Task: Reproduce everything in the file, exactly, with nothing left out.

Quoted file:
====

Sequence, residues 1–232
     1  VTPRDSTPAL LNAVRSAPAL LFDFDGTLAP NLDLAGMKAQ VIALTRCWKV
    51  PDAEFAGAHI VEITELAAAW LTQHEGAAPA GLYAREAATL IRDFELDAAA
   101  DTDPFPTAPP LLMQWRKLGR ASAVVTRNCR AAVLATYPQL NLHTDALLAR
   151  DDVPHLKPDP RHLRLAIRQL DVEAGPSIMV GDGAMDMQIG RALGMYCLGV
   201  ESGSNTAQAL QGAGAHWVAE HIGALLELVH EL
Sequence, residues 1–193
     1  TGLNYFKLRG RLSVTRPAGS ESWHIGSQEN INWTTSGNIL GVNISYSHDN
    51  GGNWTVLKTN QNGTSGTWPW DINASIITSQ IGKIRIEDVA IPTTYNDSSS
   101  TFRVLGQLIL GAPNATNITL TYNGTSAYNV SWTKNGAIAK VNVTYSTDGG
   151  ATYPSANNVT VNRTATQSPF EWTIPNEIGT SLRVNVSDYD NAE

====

Sequence, residues 1–232
     1  VTPRDSTPAL LNAVRSAPAL LFDFDGTLAP NLDLAGMKAQ VIALTRCWKV
    51  PDAEFAGAHI VEITELAAAW LTQHEGAAPA GLYAREAATL IRDFELDAAA
   101  DTDPFPTAPP LLMQWRKLGR ASAVVTRNCR AAVLATYPQL NLHTDALLAR
   151  DDVPHLKPDP RHLRLAIRQL DVEAGPSIMV GDGAMDMQIG RALGMYCLGV
   201  ESGSNTAQAL QGAGAHWVAE HIGALLELVH EL
Sequence, residues 1–193
     1  TGLNYFKLRG RLSVTRPAGS ESWHIGSQEN INWTTSGNIL GVNISYSHDN
    51  GGNWTVLKTN QNGTSGTWPW DINASIITSQ IGKIRIEDVA IPTTYNDSSS
   101  TFRVLGQLIL GAPNATNITL TYNGTSAYNV SWTKNGAIAK VNVTYSTDGG
   151  ATYPSANNVT VNRTATQSPF EWTIPNEIGT SLRVNVSDYD NAE